Being almost 90 years old has given me a deeper understanding as to why we have lost our children to the fast food lifestyle as well as being victim to an over-stimulated world. I have been around a long enough time to vividly remember that our country was quite different before the 1950s.
Back in the early 1950s most Americans gave up gardening habits and started buying frozen TV dinners and frozen canned vegetables to replace the fresh foods people were growing in their gardens. Marketing experts called canned foods the “foods of preference”. They also marketed them as being “modern”. Another slogan I remember was “Why slave over a hot stove like your mother did, when you can have dinner in an instant”.
There became a stigma attached to home gardening as if it were old fashioned and relegated now only to the poor. This concept took off like wildfire and before long, by the mid 1950s, women also started working longer hours, needing the convenience of purchasing canned and “convenience” meals. Little did we know just how far convenience would take us down the dark path towards many levels of disease we are suffering from today. I see these negative ramifications manifesting now as diseases of our internal organs, diseases of our minds and the worst…..diseases of our soul.
What was life like prior to the 1950′s?
Everybody in our neighborhood naturally had their own gardens in their backyards. I grew up in the Los Angeles area called San Pedro, where it was sunny almost every day of the year. Even to the last day of my father’s life, (he lived to be 103 years old) he was growing spinach, parsley and lettuce in their small backyard. He tended his garden every day and I’ll never forget the fragrant and hearty parsley he proudly grew year round.
For years, when Linda and our family would visit him, prior to us leaving my parent’s home, he would ask my mother to wash and wrap up handfuls of fresh parsley for us to take home. This was like gold to me. I will never forget these experiences I had while growing up and almost 90 years later.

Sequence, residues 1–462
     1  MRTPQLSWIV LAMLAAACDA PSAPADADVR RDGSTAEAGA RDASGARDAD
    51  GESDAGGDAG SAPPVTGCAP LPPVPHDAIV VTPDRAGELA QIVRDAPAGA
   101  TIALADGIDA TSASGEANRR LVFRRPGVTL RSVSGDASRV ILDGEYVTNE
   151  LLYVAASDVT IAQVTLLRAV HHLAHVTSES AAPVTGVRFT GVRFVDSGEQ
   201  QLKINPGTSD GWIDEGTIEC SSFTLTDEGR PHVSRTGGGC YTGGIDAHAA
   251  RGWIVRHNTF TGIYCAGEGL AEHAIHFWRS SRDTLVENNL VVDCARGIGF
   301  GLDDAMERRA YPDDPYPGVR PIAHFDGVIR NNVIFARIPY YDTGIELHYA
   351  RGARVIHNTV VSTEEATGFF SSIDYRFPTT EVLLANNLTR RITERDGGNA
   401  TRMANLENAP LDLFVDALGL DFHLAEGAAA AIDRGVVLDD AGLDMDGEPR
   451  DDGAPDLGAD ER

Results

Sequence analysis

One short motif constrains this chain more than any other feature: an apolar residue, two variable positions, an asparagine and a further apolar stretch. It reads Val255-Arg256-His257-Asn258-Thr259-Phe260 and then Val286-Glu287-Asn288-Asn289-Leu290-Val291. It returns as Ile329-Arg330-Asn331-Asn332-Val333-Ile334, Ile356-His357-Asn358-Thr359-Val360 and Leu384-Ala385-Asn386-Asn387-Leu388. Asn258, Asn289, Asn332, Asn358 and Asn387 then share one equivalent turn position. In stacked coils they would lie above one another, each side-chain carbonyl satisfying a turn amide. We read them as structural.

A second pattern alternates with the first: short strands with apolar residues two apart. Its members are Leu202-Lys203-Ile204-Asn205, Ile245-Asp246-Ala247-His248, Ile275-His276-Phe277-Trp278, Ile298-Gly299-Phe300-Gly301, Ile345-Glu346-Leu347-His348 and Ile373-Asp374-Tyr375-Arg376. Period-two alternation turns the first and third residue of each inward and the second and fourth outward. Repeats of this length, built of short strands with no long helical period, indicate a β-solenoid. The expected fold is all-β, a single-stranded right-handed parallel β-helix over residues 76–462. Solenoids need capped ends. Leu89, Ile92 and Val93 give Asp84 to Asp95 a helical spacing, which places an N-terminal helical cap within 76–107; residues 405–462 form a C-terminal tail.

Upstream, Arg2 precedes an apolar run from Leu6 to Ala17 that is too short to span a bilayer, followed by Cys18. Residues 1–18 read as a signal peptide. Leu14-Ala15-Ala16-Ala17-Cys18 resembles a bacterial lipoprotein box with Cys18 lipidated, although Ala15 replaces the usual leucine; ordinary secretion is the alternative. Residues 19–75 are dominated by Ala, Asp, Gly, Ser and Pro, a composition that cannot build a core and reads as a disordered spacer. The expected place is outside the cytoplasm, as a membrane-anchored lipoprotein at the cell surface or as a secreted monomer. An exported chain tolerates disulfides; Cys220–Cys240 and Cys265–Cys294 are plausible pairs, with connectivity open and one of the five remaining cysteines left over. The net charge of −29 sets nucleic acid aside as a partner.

I feel the same love and gratitude for my father, instilling this love for gardening, the same way I did as a boy. He taught me these principles at a young age, about respecting Mother Earth and how to be patient with her, how to amend the soil and how much to water. More than all of this, I mostly remember his strong hands and gentle nature as he guided me through this process. This is likely why, when I became ill, almost 65 years ago, I instinctively turned towards nature for healing.
These are the priceless memories and gifts every child deserves to have. I believe it’s our inherent right to know how to garden, just like it’s our inherent right to become educated and to have proper health care provided to each and every American.
A Garden for Every Child. Every Child in a Garden
Let’s look back and what our government was advocating back in the early 1900′s. The photo to the right was from around 1915, advocating the U.S. Government’s youth gardening program in World War 1. The tag line for the photo was “A Garden for Every Child. Every Child in a Garden.”
Wouldn’t this be a great idea today? Instead of national educational programs such as “Race to the Top,” why not advocate for a nationally mandated curriculum that promotes food systems education in ALL American public schools?